Van Wijk: We have just heard that the investment plan for the coming five to ten years has been released here in the Northern Netherlands, and that is an investment of 2.8 billion euros for three very large projects. We have to retrofit one these gas pipelines backbones, that cost you in general 1.5 billion, but then you have a capacity in one pipeline that is half of the capacity of the total electricity grid. So relatively, that is much cheaper when you want to do that. And the other large part of the cost is investments in blue hydrogen. Large-scale production site at the Eemshaven and then green hydrogen large scale hydrogen production at the Eemshaven and Delfzijl. Those are costs, but they are not really costs, they are really investments, and that means that you can earn it back.
On criticism of hydrogen’s efficiency:
Traci White: In a previous episode that we’ve done of the podcast about what happens in the north after natural gas extraction ends, our guest Professor Machiel Mulder had talked about the fact that hydrogen is currently not available on a broad enough scale to be a viable, immediate replacement for it for natural gas. What is your response to that?
Van Wijk: I have seen his reports, but today we are much further in our technology development. We have much higher efficiencies on the electrolysers, we know how to retrofit our pipelines et cetera. He is looking especially in the literature, and as a scientist you have to look in the literature of course, but in fast developing technologies, you see that the literature is always too conservative and not adequate. So his estimates for the full cost of hydrogen are much too high. That’s not what we see today in the markets.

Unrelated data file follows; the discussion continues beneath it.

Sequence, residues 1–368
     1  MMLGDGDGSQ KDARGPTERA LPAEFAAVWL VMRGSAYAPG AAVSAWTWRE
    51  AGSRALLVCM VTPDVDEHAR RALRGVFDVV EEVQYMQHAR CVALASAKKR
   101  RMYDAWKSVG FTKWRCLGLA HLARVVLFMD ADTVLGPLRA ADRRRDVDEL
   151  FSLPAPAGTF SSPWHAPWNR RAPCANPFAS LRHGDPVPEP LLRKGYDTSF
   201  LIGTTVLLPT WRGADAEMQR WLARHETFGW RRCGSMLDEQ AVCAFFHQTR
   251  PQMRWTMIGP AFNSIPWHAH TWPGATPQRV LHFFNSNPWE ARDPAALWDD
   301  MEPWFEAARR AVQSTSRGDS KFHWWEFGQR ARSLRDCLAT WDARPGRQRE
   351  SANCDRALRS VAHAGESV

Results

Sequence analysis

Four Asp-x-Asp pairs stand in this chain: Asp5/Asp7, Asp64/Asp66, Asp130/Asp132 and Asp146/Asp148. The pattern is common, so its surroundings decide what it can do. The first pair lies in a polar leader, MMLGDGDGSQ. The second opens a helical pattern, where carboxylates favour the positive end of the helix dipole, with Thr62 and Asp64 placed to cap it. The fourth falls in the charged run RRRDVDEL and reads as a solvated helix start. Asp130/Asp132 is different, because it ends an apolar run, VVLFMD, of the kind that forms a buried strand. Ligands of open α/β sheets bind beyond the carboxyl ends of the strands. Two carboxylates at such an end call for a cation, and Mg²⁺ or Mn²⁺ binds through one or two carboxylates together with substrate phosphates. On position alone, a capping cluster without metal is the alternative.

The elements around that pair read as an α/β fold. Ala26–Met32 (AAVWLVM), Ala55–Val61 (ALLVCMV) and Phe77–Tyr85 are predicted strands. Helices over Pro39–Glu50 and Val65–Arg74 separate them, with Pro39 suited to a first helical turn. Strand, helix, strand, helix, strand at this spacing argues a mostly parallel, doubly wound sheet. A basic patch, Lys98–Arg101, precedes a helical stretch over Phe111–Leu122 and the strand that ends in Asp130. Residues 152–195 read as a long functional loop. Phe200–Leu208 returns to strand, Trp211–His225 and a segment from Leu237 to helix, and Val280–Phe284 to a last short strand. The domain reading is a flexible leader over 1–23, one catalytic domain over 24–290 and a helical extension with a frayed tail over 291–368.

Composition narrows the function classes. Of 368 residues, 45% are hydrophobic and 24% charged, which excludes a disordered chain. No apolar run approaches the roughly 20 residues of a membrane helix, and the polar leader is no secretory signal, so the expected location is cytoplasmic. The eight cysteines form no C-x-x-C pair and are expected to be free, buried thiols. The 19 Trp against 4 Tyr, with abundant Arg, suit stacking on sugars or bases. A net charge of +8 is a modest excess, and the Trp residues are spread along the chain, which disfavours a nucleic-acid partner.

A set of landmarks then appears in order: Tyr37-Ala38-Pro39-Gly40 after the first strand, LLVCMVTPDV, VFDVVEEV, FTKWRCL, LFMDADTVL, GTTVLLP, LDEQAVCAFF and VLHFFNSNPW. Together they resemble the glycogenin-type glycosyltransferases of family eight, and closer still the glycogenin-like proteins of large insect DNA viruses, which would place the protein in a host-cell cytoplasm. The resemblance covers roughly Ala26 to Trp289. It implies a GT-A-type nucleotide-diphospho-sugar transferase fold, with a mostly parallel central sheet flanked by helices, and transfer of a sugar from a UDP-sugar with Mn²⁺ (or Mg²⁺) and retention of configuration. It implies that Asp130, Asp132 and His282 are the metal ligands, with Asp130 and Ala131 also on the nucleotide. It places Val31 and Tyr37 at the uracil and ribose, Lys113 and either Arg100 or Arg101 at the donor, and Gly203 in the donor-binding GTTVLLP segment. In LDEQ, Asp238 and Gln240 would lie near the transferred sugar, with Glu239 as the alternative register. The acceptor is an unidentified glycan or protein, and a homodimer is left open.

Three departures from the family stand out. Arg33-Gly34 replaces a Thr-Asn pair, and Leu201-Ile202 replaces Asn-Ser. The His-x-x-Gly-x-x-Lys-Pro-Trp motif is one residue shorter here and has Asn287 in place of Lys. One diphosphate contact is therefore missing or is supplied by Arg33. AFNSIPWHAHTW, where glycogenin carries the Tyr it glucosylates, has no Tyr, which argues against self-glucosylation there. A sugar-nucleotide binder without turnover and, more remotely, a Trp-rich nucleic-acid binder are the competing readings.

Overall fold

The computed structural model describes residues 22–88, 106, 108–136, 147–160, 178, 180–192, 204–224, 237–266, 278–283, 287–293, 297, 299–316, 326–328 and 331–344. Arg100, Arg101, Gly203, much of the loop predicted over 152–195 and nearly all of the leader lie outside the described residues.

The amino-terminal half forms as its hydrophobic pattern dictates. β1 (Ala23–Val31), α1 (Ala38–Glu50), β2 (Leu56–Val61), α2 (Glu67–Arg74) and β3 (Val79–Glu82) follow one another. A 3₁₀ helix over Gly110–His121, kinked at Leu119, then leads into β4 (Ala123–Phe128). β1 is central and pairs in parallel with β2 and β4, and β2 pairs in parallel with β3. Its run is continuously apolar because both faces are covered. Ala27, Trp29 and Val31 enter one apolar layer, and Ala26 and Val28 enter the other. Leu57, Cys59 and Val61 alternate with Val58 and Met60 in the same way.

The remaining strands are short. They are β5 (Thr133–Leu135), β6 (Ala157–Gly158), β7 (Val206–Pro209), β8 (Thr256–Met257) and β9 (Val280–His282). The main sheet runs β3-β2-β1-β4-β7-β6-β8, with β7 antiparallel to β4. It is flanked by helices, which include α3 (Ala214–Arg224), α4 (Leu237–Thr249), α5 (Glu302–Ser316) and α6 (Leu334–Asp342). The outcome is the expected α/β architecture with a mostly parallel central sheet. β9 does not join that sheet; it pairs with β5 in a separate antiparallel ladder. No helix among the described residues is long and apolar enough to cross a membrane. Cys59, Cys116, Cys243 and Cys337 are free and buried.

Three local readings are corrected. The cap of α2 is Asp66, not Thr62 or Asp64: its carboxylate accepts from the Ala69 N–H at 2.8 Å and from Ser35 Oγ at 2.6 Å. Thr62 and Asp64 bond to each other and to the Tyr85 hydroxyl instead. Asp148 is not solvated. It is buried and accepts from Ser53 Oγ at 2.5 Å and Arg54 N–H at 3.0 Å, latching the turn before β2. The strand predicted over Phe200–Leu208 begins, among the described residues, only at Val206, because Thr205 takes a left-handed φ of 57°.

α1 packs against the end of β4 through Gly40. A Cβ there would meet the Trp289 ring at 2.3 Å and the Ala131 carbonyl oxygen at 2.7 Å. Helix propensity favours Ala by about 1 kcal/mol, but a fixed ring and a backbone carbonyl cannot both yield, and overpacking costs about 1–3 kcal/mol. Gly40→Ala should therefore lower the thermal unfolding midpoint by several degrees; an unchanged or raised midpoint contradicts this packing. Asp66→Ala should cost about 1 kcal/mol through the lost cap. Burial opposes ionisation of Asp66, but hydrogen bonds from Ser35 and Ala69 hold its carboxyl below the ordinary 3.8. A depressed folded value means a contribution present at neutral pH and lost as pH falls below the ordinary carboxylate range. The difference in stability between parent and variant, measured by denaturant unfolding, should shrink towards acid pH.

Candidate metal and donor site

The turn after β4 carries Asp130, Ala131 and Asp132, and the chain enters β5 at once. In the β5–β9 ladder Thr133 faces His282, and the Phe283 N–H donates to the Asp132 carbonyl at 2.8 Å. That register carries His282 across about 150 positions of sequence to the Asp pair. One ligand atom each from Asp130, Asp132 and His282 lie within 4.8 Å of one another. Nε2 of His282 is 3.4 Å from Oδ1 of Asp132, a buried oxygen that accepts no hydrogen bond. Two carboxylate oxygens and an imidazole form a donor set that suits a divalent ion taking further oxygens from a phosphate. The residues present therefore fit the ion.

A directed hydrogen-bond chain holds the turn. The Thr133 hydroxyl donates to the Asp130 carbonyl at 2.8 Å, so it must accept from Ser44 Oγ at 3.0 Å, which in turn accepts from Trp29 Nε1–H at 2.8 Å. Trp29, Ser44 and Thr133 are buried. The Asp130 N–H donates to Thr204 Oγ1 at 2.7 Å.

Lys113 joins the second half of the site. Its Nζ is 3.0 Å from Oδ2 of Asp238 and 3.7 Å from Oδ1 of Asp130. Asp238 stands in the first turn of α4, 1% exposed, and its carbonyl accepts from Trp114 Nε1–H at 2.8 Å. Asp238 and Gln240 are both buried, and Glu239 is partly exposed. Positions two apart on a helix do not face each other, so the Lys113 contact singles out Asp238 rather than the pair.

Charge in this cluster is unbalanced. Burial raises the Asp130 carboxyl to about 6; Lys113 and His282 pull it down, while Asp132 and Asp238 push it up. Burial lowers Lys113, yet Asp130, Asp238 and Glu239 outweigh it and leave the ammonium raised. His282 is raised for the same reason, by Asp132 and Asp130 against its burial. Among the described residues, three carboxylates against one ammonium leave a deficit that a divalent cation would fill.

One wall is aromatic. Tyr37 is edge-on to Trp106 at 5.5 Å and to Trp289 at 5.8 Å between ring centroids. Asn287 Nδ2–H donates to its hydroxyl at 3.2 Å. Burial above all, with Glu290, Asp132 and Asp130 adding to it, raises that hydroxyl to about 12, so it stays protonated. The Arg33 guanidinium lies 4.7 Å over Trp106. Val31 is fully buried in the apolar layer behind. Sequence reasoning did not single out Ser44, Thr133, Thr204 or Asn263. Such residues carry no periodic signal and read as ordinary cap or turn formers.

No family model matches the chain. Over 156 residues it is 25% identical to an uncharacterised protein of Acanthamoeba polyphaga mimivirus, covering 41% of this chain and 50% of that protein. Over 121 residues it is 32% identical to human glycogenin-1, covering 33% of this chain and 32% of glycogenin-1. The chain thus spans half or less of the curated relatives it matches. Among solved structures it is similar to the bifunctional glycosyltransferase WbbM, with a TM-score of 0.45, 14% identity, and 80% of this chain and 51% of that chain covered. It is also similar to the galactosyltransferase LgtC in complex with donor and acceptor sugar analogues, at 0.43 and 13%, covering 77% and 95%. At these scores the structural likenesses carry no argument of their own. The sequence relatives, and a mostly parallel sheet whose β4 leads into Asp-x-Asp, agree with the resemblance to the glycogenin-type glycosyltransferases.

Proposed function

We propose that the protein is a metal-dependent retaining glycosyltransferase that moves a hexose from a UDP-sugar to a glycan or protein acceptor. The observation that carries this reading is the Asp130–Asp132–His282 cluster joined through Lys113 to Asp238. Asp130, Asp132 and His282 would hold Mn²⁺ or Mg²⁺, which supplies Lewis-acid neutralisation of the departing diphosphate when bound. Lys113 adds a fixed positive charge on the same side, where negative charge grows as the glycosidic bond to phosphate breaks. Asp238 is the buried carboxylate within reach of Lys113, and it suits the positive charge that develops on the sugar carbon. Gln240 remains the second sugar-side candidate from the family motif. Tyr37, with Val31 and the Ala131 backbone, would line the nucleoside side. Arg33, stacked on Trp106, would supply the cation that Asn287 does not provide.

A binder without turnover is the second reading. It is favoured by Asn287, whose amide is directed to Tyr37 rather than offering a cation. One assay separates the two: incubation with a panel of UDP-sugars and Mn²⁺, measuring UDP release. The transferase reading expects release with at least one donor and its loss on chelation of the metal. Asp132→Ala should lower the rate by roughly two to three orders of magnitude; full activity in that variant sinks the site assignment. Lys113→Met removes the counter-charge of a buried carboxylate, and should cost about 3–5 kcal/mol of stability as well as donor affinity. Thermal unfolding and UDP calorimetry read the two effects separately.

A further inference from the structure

Which comes first: infrastructure or production?
Van Wijk: You only have to change the first pipeline at once and then you still have 4 or 5 big pipelines with natural gas that can go. But that has to be done as soon as possible, but only then you can produce. And you can have consumption and not at one place which is now the occasion, because the industry now is producing the hydrogen from natural gas at the place where they consume it, so they don’t need an infrastructure. When you have multiple consumers, like you do with natural gas, then of course infrastructure is the only thing that you have to realize. If you don’t do that, nothing will happen, or not on a large scale. That’s also what they do in Germany for example with hydrogen fuelling stations. They are going to build for all of these hydrogen fuelling stations up to 2023. And then you will see the cars will come, but nobody will buy a car with hydrogen when you can’t fuel it. It’s not a chicken and egg problem: first the infrastructure, then the cars.